On June 8, 2009, I left on a journey which led me 1,259 miles up to Pittsburgh, Pennsylvania via bicycle where I met my uncle, Danny Chew. From there we departed for Alaska, crossing the border 47 days and 5,115 miles later. This was an unforgettable journey which really gave me an appreciation for the land on two wheels of a bicycle. Accomplishing the trip to Alaska was a great triumph and confidence builder, leading to a mentality to never give up on a dream or journey. The trip totaled 13,769 miles starting in June, 2009 and ending October 31st, 2009.
The summer of 2010 led my Uncle and I on another cross-country adventure, this time from Florida to California and back. This trip came to a halt on just the second day, when I got hit by an S.U.V. near Newberry, South Carolina. Refusing to let this stop me from my journey to California, I reluctantly got driven up to Pittsburgh from the middle of South Carolina. Driving on the familiar and gorgeous Blue Ridge Parkway in North Carolina was not the same as it had been on a bicycle one year before. Allowing myself to recover was a lesson of self-control and patience. Luckily, it was later clarified by a Pittsburgh Sports-Medicine doctor to be deemed healthy. This trip ended up being 61-days and 7,737 miles with many new unforgettable moments meeting many new amazing people. While there were many great highlights to this trip, the Northwestern California Coast was an amazing area. They call it the epic “Lost Coast” as there is miles and miles of undeveloped coastline with cows crossing the road freely from pasture into the ocean.
Racing and Coaching
During the fall of 2015, I started coaching athletes in cycling. It began with training one on one with a father and son who were coached by my own coach, David Guttenplan. I began giving these two specific instructions on their training rides which led to them accomplishing their training goals. From there onward, I continued finding athletes that wanted to challenge themselves and push them further in the sport of cycling. I began to find my true passion and career goal of wanting to become a cycling coach. Being coached by Bob Tyler in 2013 to my 3rd place at the Under 23 National Time Trial, I know all about the discipline it takes to follow a training plan and execute results. I also know the pain and suffering it takes to accomplish a long hard fought goal. Throughout all the miles across the country, I’ve developed a mindset to never back down from a goal until accomplished. This is the tenacity I instill in the people I coach to become champions. With hard work and guts comes brains and smart training. Combined with graduating from U.C.F. in the spring of 2017 with a Sports and Exercise degree in Coaching, I am determined to make an impact as a coach. As a coach, I will help drive and motivate people into accomplishing their biggest goals they did not think were possible.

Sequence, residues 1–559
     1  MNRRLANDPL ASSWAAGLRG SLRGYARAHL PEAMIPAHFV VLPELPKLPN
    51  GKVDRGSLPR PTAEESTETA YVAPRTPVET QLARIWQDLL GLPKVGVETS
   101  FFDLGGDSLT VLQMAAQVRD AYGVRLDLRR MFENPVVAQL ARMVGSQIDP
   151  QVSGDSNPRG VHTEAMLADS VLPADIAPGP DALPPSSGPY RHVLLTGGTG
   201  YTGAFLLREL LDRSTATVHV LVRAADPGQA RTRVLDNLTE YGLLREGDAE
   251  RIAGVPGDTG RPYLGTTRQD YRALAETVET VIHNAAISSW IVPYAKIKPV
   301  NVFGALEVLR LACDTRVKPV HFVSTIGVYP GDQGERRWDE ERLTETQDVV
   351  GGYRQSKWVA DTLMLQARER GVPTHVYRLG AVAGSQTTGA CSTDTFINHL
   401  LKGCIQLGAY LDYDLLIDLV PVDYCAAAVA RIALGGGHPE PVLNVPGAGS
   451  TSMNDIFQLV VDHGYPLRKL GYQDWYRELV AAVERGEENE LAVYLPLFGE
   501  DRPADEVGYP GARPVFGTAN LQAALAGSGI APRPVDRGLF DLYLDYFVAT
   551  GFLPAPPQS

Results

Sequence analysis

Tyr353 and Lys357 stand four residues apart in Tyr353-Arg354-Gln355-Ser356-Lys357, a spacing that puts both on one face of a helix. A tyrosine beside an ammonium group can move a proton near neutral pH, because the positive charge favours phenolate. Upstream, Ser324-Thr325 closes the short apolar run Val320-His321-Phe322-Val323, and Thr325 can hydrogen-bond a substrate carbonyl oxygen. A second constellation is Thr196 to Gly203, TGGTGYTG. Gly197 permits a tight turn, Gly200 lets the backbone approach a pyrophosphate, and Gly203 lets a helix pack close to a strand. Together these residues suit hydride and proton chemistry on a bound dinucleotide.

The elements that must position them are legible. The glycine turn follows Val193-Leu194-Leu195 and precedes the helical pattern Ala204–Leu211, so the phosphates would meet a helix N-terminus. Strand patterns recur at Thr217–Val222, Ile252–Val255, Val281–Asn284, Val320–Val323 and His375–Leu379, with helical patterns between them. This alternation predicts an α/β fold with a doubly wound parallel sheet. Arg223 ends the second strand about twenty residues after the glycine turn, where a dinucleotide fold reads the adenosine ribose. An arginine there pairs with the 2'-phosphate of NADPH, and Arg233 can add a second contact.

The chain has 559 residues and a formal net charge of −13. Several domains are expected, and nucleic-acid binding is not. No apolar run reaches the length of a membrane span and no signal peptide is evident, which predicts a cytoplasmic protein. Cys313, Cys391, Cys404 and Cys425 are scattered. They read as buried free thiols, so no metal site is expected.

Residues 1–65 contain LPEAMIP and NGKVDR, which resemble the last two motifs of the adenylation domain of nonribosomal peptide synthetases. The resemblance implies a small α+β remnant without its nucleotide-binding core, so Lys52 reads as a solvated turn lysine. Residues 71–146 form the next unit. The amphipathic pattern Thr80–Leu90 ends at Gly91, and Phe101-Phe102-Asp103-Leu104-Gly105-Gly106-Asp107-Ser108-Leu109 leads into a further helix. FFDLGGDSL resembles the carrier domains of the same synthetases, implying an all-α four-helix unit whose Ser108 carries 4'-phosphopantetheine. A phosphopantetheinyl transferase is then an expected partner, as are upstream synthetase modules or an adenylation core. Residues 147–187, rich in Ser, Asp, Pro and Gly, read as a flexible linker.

Learn more about my Coaching Here:
13,769 mile journey from Longwood, FL to Alaska and back
63 day and 8,246 mile journey from Florida to California and back
My Other Physical Talents:
I have always been super flexible since I was a young kid. To this day, I have the ability to twist myself into a pretzel and bend into other unique positions. The major flexibility is not so much in the back but rather in the legs, hips, and torso. I can still pull my feet backwards to my head, although the high mileage on the bicycle bent down on the handle bars most likely strains or limits this flexibility. My flexibility came largely to my advantage as a wrestler and I was able to avoid getting pinned pretty much throughout all of high school. During the three years I wrestled in high school, I wrestled over about 80 matches and only got pinned two times. Sometimes referees had to blow the whistle and put the match to a halt because they were afraid I was bending too far. Little did they know that this was not hurting me; I was simply using it to my advantage.
I am also good at climbing trees and used to love to climb up and dangle in trees for hours when I was younger. I loved climbing around and dangling on playgrounds and metal bars as well. I can make a complete workout without touching one weight or going into a gym, by doing push-ups, pull-ups, sit-ups, bicycling, and climbing trees. I love the outdoors and warm weather.
I tend to do a lot of high-repetition and long-endurance weight workouts, and prefer to be lean and durable over big and bulky. I would also consider figure body-building down the road one day. I have a quick recovery time so I can pound myself with medium- to high-intensity efforts and recover and continue on with many more sets. In weightlifting I tend not to “max out” in any exercises and often the lowest amount of repetitions I will do is three to five. My hard efforts and recovery time are the same for bicycling intervals. I am not the best sprinter or max power producer, but I can hold a long sprint and endurance effort.